Informant: “There’s a law in England that in York on Sunday, you’re allowed to kill a Scotsman with a bow and arrow. So- I mean, this was put in place in the 1700s when England was at war with Scotland and it was never repealed, so it still exists. So, apparently, some people think that if you do this— Of course, there are like law kinda hierarchies, so the murder law I think also applies. I mean, it’s apparently supposed to give you luck if you do kill a Scotsman. I mean, I’ve never tried it but…”
Collector: “Is there any like traditions or things that people do on a Sunday to celebrate this law? Besides killing Scotsmen.”
Informant: “Well, you know, I don’t know. I heard, you know, a thing once. This might be one guy. I heard people like treat the Scotsperson as an animal and they left, you know, a bowl of haggis outside as bait. And they would wait in the bushes. I mean, this is England, so…”
Collector: “Do the Scotsmen like this?”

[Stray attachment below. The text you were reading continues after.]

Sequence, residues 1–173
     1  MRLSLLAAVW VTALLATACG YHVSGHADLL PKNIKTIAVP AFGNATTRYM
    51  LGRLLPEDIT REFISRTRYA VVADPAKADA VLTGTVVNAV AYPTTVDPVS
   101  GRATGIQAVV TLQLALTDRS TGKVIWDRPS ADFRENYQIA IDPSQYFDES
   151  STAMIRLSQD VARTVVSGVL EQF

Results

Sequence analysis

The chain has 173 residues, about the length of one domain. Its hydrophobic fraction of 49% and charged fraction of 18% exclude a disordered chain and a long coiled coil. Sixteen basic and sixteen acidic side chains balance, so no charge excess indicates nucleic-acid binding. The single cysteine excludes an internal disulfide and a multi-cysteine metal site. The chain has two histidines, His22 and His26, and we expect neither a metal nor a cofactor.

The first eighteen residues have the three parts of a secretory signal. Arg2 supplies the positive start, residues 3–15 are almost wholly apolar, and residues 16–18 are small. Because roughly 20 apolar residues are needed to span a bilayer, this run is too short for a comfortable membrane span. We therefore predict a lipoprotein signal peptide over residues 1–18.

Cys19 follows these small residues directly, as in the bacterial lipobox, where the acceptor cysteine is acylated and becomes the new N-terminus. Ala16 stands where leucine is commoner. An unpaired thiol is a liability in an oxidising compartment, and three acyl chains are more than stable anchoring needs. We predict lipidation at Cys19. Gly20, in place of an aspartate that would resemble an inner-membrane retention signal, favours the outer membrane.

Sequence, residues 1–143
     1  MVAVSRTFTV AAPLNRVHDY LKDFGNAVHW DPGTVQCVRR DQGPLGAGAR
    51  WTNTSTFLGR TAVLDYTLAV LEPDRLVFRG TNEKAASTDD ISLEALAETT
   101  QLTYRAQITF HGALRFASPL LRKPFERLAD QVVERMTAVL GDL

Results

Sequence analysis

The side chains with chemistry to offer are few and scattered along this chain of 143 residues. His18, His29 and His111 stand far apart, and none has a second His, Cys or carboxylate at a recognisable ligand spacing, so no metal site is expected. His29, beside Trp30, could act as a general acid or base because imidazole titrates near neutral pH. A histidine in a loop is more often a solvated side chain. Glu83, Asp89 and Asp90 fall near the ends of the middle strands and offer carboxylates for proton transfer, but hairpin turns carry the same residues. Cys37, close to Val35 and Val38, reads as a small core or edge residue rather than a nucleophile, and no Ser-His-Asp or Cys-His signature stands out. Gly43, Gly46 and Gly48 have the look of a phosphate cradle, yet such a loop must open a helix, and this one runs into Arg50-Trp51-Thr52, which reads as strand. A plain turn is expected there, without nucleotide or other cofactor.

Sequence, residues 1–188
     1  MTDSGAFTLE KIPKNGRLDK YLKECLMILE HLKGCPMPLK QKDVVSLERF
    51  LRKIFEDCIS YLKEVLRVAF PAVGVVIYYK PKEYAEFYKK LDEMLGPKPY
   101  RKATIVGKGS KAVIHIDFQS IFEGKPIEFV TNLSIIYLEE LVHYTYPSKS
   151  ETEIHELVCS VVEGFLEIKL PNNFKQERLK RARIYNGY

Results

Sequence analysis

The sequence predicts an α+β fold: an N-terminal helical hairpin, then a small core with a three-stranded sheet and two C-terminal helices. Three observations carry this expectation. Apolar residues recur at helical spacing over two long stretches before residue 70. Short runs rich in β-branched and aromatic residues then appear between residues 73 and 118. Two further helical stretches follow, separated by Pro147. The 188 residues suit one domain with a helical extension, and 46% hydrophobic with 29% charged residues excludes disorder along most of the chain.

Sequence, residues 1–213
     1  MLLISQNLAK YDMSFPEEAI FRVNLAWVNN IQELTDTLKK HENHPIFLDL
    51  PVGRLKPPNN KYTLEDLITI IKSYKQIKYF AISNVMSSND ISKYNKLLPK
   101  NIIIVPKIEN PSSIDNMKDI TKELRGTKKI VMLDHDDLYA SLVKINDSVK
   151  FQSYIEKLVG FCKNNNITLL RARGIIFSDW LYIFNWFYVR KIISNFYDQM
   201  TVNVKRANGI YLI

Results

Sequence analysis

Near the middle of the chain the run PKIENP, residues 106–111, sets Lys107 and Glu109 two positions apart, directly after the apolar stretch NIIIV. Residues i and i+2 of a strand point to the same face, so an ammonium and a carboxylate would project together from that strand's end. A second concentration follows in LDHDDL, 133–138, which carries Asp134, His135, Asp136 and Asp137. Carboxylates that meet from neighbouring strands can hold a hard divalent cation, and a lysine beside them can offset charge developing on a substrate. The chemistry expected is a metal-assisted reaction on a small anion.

Informant: “I don’t think so. I don’t think they go to York on a Sunday.”
My informant had not personally partaken in any of the rituals surrounding this law. From the way he presented it, it was up to individual interpretation how to personally engage with this law, hence the singular person hiding in the bushes. No set rituals necessarily exist in any official or widely known capacity. My informant said he understands it as the good luck associated with the killing is what is well known. He also made it clear that these efforts were obviously facetious and the repetition of “it’s good luck to kill a Scotsman in York on Sunday with a bow and arrow” is something of a running joke.
There are direct ties between this piece of folklore and intercultural tensions. At the time of the laws establishment, there was an active war between England and Scotland. However, in the modern United Kingdoms, there is a different sort of tension. The Scottish Independence Movement is largely championed by Scots and largely blocked by British government. As such, while the two cultures are within the same nation, there is a tension between the Scots’ desire to leave and the relative power that the British have. I think it’s possible that this folklore is a piece of malevolent humor shared between the Brits. It serves primarily to denigrate the Scots as a group but is obviously facetious enough not to be too egregious for public.